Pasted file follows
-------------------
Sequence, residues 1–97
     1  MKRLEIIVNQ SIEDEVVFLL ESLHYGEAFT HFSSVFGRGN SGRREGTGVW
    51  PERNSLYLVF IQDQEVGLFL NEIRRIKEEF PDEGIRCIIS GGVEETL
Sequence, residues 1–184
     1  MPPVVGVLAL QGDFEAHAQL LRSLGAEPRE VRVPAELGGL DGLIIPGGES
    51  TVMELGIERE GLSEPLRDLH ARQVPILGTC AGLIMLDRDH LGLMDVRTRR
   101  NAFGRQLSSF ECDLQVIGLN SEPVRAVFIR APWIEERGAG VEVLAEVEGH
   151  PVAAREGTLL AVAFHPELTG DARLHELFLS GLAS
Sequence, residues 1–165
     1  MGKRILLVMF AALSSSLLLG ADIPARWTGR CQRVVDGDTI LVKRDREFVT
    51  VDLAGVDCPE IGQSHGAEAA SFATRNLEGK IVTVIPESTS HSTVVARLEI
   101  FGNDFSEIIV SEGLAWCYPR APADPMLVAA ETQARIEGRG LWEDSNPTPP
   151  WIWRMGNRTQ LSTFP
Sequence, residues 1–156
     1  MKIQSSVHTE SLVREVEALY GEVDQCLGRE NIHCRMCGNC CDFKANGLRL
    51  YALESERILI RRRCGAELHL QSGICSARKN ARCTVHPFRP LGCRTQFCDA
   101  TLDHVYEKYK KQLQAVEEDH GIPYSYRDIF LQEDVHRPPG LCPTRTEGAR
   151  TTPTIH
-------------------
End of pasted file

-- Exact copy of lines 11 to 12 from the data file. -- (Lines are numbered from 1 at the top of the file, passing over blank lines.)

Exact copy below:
    51  VDLAGVDCPE IGQSHGAEAA SFATRNLEGK IVTVIPESTS HSTVVARLEI
   101  FGNDFSEIIV SEGLAWCYPR APADPMLVAA ETQARIEGRG LWEDSNPTPP